Going to a Nursing Home Following a Hospital Stay

Imagine this: You are admitted to a hospital for 5 or 6 days following a fall with broken bones. Upon discharge from the hospital, you are admitted to a nursing home or extended care facility until you are ready to care for yourself at home. The good news is that you healed completely and are able to care for yourself at home, again. The bad news: You receive a bill for more than $10,000 from the nursing home because the hospital changed your admission status and now claims that you were only “under observation”. Because of that change of status, Medicare will not cover your nursing home bills unless you were classified as an inpatient and stayed at least three days. How could this happen? It already has, to more and more elderly patients on Medicare. According to the Center for Medicare Advocacy, they are hearing of many of these kinds of cases where patients who stayed several days in the hospital were re-classified as under observation, sometimes long after the hospital stay.

To make matters worse, there is a coverage gap for some patients who are not sick enough to become inpatients but not well enough to care for themselves at home.

What you can do:

1. If at all possible, contact your Medicare office before you are hospitalized. Get it on record that you are being admitted as an inpatient and will be staying several days.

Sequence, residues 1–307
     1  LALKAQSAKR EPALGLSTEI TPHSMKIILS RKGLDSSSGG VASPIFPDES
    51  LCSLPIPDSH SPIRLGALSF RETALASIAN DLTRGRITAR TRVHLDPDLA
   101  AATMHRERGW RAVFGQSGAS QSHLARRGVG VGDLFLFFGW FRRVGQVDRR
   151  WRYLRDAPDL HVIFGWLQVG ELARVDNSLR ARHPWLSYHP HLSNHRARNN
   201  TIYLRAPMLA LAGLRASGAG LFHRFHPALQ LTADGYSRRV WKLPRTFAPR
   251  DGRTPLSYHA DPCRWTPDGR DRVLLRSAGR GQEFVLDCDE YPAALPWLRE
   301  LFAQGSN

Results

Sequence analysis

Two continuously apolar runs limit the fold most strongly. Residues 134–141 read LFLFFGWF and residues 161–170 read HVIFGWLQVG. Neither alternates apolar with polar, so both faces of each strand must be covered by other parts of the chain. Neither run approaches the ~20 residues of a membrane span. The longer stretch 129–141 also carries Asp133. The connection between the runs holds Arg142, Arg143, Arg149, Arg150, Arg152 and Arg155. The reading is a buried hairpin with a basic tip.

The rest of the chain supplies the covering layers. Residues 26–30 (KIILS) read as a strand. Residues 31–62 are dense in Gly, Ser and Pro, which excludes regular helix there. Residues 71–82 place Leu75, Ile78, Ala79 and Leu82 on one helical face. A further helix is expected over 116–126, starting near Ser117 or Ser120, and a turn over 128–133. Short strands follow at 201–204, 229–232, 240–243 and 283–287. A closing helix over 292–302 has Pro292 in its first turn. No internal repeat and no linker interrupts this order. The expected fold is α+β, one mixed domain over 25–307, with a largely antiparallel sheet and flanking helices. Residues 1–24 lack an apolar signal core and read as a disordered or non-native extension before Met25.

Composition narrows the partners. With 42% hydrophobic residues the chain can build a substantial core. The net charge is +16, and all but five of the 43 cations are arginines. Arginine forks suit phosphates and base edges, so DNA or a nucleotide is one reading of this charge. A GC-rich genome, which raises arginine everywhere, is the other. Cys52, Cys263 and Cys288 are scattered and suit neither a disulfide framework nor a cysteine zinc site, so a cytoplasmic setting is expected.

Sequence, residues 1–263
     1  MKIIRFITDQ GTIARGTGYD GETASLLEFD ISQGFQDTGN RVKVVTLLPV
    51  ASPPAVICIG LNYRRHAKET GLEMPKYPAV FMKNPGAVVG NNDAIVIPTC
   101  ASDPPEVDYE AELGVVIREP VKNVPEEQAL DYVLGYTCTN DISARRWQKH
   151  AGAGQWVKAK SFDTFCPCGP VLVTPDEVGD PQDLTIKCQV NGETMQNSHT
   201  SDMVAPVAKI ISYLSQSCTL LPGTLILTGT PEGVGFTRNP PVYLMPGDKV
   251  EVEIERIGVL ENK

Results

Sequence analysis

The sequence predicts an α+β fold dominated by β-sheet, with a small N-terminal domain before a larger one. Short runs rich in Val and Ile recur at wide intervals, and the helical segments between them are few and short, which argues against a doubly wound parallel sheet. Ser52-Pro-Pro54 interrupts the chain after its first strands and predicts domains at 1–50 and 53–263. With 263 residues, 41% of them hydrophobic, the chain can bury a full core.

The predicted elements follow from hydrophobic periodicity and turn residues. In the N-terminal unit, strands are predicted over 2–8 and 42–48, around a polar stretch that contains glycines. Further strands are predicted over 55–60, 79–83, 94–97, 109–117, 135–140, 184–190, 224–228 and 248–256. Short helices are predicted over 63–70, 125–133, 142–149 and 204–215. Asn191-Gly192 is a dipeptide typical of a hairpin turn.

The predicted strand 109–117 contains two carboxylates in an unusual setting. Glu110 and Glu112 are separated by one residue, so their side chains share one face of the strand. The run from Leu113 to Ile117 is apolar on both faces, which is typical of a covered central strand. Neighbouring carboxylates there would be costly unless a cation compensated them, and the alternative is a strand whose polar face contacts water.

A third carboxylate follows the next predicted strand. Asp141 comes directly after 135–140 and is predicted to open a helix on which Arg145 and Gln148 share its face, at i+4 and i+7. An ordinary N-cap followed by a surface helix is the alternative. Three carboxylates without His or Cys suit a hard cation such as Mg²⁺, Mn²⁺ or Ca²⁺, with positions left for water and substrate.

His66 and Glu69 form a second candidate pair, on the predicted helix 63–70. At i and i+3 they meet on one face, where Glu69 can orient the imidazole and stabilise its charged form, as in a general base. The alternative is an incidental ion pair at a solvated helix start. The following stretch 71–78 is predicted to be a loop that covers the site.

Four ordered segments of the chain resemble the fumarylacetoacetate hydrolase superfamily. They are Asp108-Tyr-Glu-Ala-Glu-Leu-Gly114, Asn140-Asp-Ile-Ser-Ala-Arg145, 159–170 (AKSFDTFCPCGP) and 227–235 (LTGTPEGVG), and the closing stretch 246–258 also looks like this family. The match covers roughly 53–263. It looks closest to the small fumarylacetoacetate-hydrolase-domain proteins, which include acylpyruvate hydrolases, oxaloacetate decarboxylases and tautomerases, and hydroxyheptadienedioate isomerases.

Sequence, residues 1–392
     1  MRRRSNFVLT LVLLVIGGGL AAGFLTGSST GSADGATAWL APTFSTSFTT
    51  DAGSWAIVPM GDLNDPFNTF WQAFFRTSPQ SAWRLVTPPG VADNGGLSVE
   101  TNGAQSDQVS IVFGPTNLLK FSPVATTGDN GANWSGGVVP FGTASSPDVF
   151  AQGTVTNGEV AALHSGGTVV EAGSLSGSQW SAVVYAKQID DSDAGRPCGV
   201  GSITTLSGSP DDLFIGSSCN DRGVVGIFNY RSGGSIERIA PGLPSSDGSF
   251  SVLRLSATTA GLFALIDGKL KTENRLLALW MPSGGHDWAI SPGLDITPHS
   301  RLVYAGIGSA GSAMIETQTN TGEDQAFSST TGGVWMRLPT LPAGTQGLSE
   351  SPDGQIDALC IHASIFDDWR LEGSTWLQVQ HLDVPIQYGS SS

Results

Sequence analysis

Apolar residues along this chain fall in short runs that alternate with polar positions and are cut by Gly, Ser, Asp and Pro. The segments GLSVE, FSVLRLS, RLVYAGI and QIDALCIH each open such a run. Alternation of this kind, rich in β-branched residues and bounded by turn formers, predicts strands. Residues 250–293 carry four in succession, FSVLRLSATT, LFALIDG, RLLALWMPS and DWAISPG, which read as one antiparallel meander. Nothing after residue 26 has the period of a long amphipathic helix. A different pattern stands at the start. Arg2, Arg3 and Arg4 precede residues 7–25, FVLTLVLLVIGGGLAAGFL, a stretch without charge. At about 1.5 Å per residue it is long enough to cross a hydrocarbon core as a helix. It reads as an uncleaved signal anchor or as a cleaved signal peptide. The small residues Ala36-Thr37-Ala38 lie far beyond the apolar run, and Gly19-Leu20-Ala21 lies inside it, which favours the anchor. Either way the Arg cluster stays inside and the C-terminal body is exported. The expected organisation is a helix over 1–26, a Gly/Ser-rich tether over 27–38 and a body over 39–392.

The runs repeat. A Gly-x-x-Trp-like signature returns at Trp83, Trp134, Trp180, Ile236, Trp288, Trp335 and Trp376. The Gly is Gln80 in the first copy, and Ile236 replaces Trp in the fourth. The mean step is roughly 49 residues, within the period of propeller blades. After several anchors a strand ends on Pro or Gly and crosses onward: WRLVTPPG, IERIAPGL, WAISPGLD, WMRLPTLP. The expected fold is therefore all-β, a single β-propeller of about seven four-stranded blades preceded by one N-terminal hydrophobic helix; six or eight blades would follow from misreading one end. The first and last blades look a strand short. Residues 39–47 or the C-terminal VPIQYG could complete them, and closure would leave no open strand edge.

2. If you know ahead of time that you may be sent to a nursing home following your hospital stay, contact the nursing home, as well, and get it clear with them as to what your hospitality news stay is about and how long you will probably be there.
3. Talk with your doctor about this issue and make sure he is on the same page with you. Let him know that you are taking a pro-active stance with your hospital visit and nursing home care.
4. When you are admitted to the hospital, let them know up front that you are aware of this practice of “re-classifying” patients from inpatients to observation. State clearly that you know you are being admitted as an inpatient with a several day stay and you will expect all of your qualifying Medicare costs to be covered under those guidelines.
5. If you have a family member or friend who is close to you, have them come with you through the Admissions process (to witness your statement about being an inpatient) and also to visit you while you are in the hospital. On the day you are to be moved to a nursing facility, you should have this person with you and you should ask, upon discharge, to see the classification of your inpatient stay, again. (There will be resistance to this, for obvious reasons, but you should insist before you are transferred). Don’t sign any discharge papers from the hospital unless you read them carefully and make sure your status was not changed to “observation”.
6. Write your congressman and voice your concern about the hospital’s and Medicare’s apparent collusion to deny their financial responsibilities to older patients. And you should know that this issue is NOT currently part of any health care reform discussions… but it should be.

 

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